My long-time pal Karina Bland, a columnist for The Arizona Republic newspaper, recently used her column to take a trip down memory lane. She did what most parents do: Wondered how it is that one day you have an infant, the next day a toddler, and a week later a gangly teenager. As she chronicled some of her son’s exploits over the years, one line in particular jumped out: “This boy renegotiated his bedtime with a Power Point presentation.”
Kari was describing a process we recommend in our book Authentic Conversations: Moving from Manipulation to Truth and Commitment. Although our book discusses the ways parent-child dynamics in organizations sabotage good results, this particular parent-child conversation was a beautiful example of something we advocate. At age seven, her son managed to create a “business case” for a change he wanted, which also had the potential to be beneficial to the “family enterprise.”
In second grade, Sawyer’s teacher taught the kids how to do elementary power point presentations. His made the case for why he should get a later bedtime. Rather than just nag his mom — or whine that “all the other kids get to stay up late” — he gathered data, constructed an argument, and tied his case to things that “the business” (i.e. Mom) cared about.
First he did a poll of all the kids in his class to see what their bedtimes were. Most, although not all, were allowed to stay up later than he did. He created a simple table that showed where the numbers fell.
Second, he talked about how a later bedtime would give him opportunities for more learning, by watching the Discovery Channel, for instance, or other informative programming. This would tie into the vision of “the business” — raising a well-educated, well-rounded young man who would be come responsible and self-supporting.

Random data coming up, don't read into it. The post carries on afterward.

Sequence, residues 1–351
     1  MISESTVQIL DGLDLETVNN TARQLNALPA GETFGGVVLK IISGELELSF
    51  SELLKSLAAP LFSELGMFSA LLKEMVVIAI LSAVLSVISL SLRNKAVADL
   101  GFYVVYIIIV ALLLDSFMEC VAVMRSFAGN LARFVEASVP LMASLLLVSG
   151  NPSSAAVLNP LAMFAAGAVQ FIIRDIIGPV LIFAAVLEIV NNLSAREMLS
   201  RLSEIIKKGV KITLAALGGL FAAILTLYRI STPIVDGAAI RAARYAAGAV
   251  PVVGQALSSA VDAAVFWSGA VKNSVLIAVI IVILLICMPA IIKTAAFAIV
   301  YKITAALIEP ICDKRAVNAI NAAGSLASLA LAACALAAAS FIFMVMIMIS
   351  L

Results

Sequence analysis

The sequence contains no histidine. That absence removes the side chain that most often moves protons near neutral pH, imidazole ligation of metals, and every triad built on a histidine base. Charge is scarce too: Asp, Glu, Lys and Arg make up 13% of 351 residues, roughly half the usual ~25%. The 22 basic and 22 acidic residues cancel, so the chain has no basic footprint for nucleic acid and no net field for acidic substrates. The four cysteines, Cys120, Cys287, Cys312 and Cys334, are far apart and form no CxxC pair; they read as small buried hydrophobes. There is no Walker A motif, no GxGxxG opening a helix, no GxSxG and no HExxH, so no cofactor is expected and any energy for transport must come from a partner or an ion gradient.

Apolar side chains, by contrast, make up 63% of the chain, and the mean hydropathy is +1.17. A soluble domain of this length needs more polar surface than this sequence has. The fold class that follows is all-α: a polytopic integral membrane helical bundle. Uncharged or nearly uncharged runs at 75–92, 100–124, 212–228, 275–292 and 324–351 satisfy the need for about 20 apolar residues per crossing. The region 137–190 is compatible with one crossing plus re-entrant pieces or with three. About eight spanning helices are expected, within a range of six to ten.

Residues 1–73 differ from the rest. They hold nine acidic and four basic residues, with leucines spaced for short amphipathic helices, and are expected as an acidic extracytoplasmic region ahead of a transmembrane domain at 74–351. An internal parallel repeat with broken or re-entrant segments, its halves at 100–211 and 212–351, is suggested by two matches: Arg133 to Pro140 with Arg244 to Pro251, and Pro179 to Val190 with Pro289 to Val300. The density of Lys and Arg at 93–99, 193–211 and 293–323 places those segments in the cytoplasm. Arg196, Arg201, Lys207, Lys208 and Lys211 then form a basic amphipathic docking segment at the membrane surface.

Finally, he argued that because of their busy schedule and the demands of homework, very little time was left over in the evenings for quality mother-son time — to play cards, catch up on the day’s news, or read a book together before he had to go to bed.
“Sawyer presented me with good research and sound reasoning,” Kari says. “He appealed to my working mommy guilt about not spending enough time with him — without even knowing it. Honestly, I was impressed Besides, it was just so cute.”
Was it manipulative? Clearly, Kari’s decision was based partly on mommy guilt. But whether there was manipulative intent can only be answered by one person: Sawyer. Manipulation is purely a matter of intention.
His approach, however, did exactly what a good business case is supposed to do: propose a change, and show how it would be beneficial not just to him, but also to the enterprise. It wasn’t a childish demand: “Give me what I want or I’ll sulk or throw a tantrum.” Kari had good information on which to base her decision.
The presentation of his business case worked — Mom moved his bedtime 30 minutes later. Did the decision benefit the enterprise? As we’ve watched Sawyer grow into a smart, funny, and responsible young man, we would argue that his getting a little less sleep didn’t hurt the enterprise one little bit.